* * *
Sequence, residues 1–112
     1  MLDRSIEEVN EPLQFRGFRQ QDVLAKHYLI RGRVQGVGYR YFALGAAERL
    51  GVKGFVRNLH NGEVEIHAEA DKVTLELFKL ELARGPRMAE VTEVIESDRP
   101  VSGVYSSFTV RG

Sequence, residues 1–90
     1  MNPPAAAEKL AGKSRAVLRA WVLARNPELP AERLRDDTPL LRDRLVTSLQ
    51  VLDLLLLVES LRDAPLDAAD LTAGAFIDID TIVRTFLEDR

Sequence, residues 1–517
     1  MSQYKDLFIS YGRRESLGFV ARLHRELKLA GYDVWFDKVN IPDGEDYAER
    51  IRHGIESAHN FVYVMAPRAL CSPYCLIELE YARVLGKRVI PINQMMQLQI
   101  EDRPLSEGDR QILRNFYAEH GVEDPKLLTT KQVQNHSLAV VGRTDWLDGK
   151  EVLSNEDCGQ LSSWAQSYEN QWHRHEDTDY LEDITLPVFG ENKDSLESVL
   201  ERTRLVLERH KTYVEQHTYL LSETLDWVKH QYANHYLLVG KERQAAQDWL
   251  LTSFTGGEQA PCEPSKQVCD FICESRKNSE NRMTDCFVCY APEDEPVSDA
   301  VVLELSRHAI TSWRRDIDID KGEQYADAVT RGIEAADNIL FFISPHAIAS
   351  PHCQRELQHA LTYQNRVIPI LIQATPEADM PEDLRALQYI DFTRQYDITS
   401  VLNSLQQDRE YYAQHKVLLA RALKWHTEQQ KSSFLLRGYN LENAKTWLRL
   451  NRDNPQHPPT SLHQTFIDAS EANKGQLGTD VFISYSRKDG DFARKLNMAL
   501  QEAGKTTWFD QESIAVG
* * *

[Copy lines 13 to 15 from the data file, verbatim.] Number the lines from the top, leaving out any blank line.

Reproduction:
   201  ERTRLVLERH KTYVEQHTYL LSETLDWVKH QYANHYLLVG KERQAAQDWL
   251  LTSFTGGEQA PCEPSKQVCD FICESRKNSE NRMTDCFVCY APEDEPVSDA
   301  VVLELSRHAI TSWRRDIDID KGEQYADAVT RGIEAADNIL FFISPHAIAS